Wednesday, 16 May 2012

Pirate Party Wins Twenty Seats in North Rhine-Westphalia, Germany

Jubilant scenes greeted the news that the Pirate Party has won twenty seats in North Rhine-Westphalia, the most populous state in Germany, in the recent regional elections. This makes four out of a total of sixteen regions where the Pirates have made their mark. Can they maintain their momentum or are they at risk of running out of steam?


I've "borrowed" a regional map from Wikipedia and overlaid it with orange to illustrate the Pirate Party's gains in Germany. They're doing very well there despite comments that they're just a flash in the pan and all form and no substance.


The critics' response



Beyond a few cyber-civil rights here, a little unconditional basic income there, there’s a bit of protesting in the medium of dance and, of course, a good dose of GM-free foods. This is not revolutionary thinking, it is cut-and-paste politics.


It may seem daring, freedom-loving, and boundary-breaking, but the Pirates offer freedom without substance, the form without the content. Democratic control depends on the virtual ‘Pirates collective’. The modern term for this is ‘swarm intelligence’, but all this really means is conformity, not revolution. - Matthias Heitmann, Spiked Online



It doesn't matter. The Pirate Party is waking up the dozing populace to remind them that their hard-won rights are being stolen away — and that the Left, who were formerly entrusted with this role, have abandoned their posts. And the people are loving it. The Pirate Party has won forty five seats in all:



  • 2011 Berlin state election 8.9 % of the votes, 15 seats

  • Landtag of Saarland March 2012 7.4% of the votes, 4 seats

  • Schleswig-Holstein May 2012 8.2% of the votes, 6 seats

  • North Rhine-Westphalia May 2012 7.8% of the votes, 20 seats.


Not bad for a six year old party.


The voting system and what it means for the Pirates


The Mixed member proportional representation system allocates seats in the national and regional parliaments by the percentage of the vote. The result of this is that in order to govern, political parties must form coalitions if they don't get enough seats to gain a majority. This makes Germany a multi-party state in contrast to the UK, where our first-past-the-post system means the candidate with the most votes gets a seat. For the Pirates, it means forming a coalition with the Greens or the Left-leaning parties to get a piece of the governing action.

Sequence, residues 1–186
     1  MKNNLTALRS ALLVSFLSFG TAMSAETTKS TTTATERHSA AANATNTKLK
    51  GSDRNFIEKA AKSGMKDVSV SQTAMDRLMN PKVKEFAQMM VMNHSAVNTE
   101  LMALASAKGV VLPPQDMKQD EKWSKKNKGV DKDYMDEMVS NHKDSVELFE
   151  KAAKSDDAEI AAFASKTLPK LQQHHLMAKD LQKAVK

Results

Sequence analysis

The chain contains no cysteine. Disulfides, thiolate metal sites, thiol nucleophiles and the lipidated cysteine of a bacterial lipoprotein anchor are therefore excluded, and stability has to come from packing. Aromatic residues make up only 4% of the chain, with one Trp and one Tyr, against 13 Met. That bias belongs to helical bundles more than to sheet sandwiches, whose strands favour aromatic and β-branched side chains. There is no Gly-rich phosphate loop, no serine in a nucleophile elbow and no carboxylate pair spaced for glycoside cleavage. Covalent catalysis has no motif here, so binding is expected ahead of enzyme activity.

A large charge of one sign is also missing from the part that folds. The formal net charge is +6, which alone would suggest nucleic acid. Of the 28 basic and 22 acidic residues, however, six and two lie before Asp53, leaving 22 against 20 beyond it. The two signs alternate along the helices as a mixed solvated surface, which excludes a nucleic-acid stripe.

Such stunning successes have caught the more established parties by surprise; the Socialists look down their noses at the Pirates and think of them as naive at best, ill-informed at worst; while the conservatives believe they're bad for business and agree in principle with ACTA's aims.


What they are paying attention to is the groundswell of support the Pirates now have. Conservatives have noted with glee that they're dividing the left while taking votes away from the more established parties, which are altogether too cozy when it comes to political opacity.


Platform to power


According to a recent report, the "liquid democracy" favoured by the Pirate Party as part of its transparency program is actually hindering them from getting anything done. However, they're adapting to meet the challenge and have so far eschewed any deals with other parties to form coalitions.



The same core ideology that seems to have attracted all of those new members may also help the party deal with this growth. While the Pirate Party is still vocal on copyright issues, transparency has become so central to its platform that any party in German Parliament wanting Pirates as a coalition partner would have to live-stream negotiations online. No one is likely to take the Pirates up on the offer, and that suits them fine; they are seeking additional experience in parliament before making a play to become part of government. - TechPresident



The lack of transparency that has won them so many followers will surely keep the momentum going. However, the Pirates were only really in the politics game to change the way it's played. If they achieve that, job done. After that, the choice is to either become another political monolith or slip into redundancy. It'd be fun to imagine a Pirate President or Chancellor one day, though, wouldn't it? It's a lot more likely to happen over there than over here.

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